Rereading Lord of the Rings: The Two Towers

If you haven’t reread The Two Towers, it is a surprisingly quick read. It is more strangely paced than Fellowship, but that’s because of the core concept of the trilogy: true victory is not possible why the Ring exists.

The Rohan/Fangorn portion is where we start and it moves quickly, but sensibly, I think. There’s a lot modern about Lord of the Rings’ story structure, which makes sense, as all modern (or at least prior to contemporary, which has been infected by D&D structures, such as they are) fantasy stories have their roots in it.

The gist of the first part of The Two Towers flows as you remember it. It flows more sensibly, though, than the movies, and of all the books I think this one has the biggest contrast with the Jackson movies, but it’s the important details that are different.

Aragorn is showcased here and you really start to get him more, though his point of view is not as present as Gimli’s. Why Aragorn is the king and why he commands such intense loyalty becomes clear. He’s very driven, but very human, and really just wonderful. Again, self-doubt doesn’t enter into it. He crossed that bridge decades ago.

Rumor has it that Treebeard is based on C.S. Lewis, or at least owes a lot to him. The man had a big personality, apparently, and Tolkien interacted with him a lot during the writing of the trilogy. Lewis was a tall man with a booming voice and he was, I gather, loquacious. If Treebeard is a general portrait of Lewis, it’s a much kinder portrait than he gave of himself in his own works. That portrait can be found in That Hideous strength, I think, in the form of Mark Studdock, who is deeply flawed.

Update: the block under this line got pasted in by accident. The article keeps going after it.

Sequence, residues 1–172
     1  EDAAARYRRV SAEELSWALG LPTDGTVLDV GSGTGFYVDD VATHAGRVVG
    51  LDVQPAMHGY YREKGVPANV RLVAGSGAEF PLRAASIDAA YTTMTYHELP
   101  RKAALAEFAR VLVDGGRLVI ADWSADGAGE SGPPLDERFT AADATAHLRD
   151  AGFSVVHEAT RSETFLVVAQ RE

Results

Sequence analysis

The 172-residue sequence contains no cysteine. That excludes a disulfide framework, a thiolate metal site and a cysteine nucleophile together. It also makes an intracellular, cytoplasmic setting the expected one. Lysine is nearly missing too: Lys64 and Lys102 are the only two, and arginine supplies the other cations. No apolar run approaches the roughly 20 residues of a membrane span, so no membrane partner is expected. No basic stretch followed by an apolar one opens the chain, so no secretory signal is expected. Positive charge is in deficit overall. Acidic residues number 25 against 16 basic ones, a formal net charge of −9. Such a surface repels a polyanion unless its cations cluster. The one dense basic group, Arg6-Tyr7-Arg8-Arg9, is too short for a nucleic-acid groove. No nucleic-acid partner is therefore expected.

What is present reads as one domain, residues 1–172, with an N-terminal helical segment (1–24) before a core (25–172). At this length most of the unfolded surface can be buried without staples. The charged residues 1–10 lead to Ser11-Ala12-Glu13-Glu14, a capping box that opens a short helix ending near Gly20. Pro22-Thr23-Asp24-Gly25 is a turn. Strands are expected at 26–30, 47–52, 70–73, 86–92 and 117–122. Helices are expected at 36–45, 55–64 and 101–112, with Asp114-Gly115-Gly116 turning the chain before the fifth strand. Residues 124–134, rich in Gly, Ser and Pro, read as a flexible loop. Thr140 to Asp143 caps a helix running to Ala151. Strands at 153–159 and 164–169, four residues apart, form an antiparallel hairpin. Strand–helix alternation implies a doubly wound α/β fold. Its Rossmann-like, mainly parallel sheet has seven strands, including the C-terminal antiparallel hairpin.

(That Hideous Strength is a good read and anyone who complains about its grotesque ending is, well, as the saying goes “Throw a rock into a pack of dogs, and the one that yelps the loudest is the one that got hit.” Lewis knew well the thinking and society he skewered in that book, as he used to be a part of it. It deserves what it gets in the story. Alternatively, the complainers are snobs, but they’re less vocal or common in this case.)

I enjoyed the Fangorn scenes. Of all the things that didn’t make it on screen, I don’t understand why Treebeard’s house didn’t. It’s clever and wondrous, a fairy tale set but with more dignity than we often assign such things these days.

Let me tell you, a girl could fall in love with Shadowfax. That horse…he takes back to my horse-crazy days. If you want to understand why horse people go nuts for horses, read closely the descriptions of Shadowfax.